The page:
TS:Moving on then a little, I’m interested to hear what you think about DirectX 11. Obviously there are some new features in DirectX 11 and developers are already starting to look at how they can use the new features. How do you think the new API will push things forwards for gamers?
RT: Well, one thing’s for sure – DirectX 11 will be important. What we need to do though is sit down and work with developer communities to ascertain how much of DirectX 11 makes a programmer’s life easier and how much of DirectX 11 pushes the boundaries to deliver new experiences for gamers.
I say this because if it makes the programmer’s life easier, they may adopt it at some point but they’re not going to be in any hurry. If, on the other hand, it allows them to introduce new effects or experiences into a game that will result in more sales, it’s more likely to see a faster adoption – that’s where I hope to see DirectX 11 sitting.
So going back to my point before, this is a business for publishers and they’re not messing around. They will ask the developers two questions – will it sell me more games, or will it make the game cheaper to develop? They’ll also say that if you’re going to tell me it’s going to take longer, it’s going to cost more, or heaven forbid it’s going to delay the game, we’re not interested and we probably don’t want the new technology.
Battlefield Heroes will use microtransactions to drive revenue instead of off-the-shelf sales.
TS:How are things going with anti-piracy in the PC Gaming Alliance?
RT: It’s a very difficult problem, of the four sub-committees inside the PCGA, it’s the one that faces the biggest challenges but we're determined to try and tackle them.
TS:Is it the most active of the four sub-committees?
RT: All of the sub-committees are very active, but in terms of progress there are a whole bunch of issues we’re trying to wrestle to the ground and they’re just not ready to go public on them at the moment. With regards to piracy, first of all, you can’t make the good guys, i.e. the legitimate purchasing customers, feel like they’re criminals and one of the issues right now with existing DRM methodologies or processes is that they can sometimes make the good guy feel like they’re not valued.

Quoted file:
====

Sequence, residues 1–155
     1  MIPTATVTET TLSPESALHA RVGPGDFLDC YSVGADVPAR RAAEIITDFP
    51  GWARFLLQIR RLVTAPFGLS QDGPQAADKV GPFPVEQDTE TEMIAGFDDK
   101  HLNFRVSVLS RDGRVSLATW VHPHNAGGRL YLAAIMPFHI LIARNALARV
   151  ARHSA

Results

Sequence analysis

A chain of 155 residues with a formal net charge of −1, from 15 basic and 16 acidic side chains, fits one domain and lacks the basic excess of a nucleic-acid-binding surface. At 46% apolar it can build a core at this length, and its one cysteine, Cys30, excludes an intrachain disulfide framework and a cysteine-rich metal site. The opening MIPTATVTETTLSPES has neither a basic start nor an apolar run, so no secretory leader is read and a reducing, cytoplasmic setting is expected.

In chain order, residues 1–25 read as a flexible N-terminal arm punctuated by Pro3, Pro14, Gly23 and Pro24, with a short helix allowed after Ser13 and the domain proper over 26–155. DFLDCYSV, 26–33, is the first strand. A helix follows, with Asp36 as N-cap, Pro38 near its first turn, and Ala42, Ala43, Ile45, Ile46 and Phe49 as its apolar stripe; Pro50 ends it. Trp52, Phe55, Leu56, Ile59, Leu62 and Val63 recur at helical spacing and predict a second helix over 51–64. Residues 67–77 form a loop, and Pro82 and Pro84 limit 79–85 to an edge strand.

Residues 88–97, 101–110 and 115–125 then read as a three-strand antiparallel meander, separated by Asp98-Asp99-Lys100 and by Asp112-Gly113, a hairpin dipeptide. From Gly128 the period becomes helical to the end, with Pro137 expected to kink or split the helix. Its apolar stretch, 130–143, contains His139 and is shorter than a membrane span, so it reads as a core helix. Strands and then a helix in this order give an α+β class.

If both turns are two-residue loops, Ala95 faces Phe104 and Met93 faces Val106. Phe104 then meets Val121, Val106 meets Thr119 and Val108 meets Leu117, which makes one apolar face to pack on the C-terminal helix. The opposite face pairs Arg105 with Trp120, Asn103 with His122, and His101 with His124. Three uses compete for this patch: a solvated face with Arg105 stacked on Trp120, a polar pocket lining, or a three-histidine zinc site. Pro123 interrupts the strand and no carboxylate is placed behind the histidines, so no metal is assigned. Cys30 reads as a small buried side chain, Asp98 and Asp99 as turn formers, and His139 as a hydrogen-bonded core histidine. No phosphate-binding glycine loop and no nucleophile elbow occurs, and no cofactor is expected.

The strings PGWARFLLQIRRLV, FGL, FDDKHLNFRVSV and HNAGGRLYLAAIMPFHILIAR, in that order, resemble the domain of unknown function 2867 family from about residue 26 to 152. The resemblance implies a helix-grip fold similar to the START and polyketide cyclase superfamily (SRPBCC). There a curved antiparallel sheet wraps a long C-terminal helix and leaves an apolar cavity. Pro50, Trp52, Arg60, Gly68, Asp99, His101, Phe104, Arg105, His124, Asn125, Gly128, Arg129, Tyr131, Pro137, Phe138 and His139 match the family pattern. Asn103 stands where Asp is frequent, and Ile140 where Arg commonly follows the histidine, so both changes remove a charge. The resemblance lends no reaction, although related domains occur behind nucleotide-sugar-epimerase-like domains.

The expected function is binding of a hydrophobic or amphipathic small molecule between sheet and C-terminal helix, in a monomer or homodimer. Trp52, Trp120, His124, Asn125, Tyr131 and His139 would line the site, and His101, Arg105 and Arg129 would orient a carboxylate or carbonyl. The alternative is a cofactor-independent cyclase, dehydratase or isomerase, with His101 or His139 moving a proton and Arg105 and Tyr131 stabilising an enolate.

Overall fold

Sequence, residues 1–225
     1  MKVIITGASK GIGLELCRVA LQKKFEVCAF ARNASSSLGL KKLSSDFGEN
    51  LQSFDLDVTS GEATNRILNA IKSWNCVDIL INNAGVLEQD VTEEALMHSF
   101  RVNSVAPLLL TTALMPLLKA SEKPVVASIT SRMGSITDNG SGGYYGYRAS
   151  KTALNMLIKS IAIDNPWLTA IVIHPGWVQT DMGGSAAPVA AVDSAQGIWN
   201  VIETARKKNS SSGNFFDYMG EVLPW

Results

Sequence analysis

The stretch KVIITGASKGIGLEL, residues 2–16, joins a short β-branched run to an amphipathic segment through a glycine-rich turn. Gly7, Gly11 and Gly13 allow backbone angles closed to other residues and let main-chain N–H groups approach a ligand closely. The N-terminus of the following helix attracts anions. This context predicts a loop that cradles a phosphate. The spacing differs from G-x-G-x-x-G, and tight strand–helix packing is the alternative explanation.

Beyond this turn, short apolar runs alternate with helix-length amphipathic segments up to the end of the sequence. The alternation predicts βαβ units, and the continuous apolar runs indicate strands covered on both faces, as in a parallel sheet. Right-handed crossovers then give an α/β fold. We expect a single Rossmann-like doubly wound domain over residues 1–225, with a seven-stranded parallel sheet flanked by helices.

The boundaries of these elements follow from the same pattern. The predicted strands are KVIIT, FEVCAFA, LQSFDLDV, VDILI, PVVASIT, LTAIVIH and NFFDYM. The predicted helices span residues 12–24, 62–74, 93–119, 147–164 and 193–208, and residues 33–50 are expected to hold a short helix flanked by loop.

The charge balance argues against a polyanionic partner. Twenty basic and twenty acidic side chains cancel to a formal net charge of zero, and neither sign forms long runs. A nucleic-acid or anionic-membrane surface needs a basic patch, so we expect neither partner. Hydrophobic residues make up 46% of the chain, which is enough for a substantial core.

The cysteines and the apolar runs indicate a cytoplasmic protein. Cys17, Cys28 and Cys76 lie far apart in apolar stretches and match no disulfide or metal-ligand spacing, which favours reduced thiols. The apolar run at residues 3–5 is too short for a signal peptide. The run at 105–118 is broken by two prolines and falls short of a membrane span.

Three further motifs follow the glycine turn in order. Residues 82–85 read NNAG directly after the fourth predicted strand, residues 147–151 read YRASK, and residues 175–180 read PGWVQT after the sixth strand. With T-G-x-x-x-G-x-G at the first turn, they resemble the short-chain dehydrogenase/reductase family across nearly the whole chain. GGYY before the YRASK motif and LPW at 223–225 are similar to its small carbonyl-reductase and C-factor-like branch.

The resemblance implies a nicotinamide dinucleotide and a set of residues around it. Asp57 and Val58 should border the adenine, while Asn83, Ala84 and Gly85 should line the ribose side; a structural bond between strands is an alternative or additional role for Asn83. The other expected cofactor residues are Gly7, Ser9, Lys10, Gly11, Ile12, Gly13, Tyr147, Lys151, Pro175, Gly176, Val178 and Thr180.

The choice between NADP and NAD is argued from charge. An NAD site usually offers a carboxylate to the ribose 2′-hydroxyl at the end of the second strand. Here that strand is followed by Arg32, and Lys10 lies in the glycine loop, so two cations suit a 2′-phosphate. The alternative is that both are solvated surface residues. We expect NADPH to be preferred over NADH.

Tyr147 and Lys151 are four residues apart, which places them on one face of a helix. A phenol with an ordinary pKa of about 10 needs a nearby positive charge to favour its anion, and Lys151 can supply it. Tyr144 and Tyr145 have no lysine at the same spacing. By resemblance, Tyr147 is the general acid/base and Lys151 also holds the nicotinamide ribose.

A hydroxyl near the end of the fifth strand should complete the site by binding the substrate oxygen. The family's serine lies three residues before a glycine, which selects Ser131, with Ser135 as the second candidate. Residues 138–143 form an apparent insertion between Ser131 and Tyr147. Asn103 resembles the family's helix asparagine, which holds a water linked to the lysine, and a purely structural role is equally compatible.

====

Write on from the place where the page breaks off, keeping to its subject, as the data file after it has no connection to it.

TS:I agree completely and I’m sure many of our readers will be pleased to hear you say that. You sometimes can’t even return the game if it doesn’t run because of problems with DRM and you’re left with a £30 drinks coaster. That frankly sucks.
RT: Exactly, it’s a serious problem that we have to solve.
TS:I hope someone does work it out.
World of Warcraft has next-to-no piracy because it's more of a service than a product.
RT: The second thing we’ve got to do is do one of two things. We can try and make it socially unacceptable to pirate games, in a way that certain behaviours are socially unacceptable.
Or, we just accept that it is what it is and it’s here to say and will never change. Going down that route means we’ve got to think about other ways to increase revenue and sales on the PC. Maybe we don’t need to sell games any more – look at Asia, the biggest PC gaming market in the world. They don’t sell games in Asia and revenue is instead driven by microtransactions, subscriptions and advertising. Most people think about advertising as in-game billboards, but it doesn’t have to be. It’s also product placement, portals, webpages and endorsements.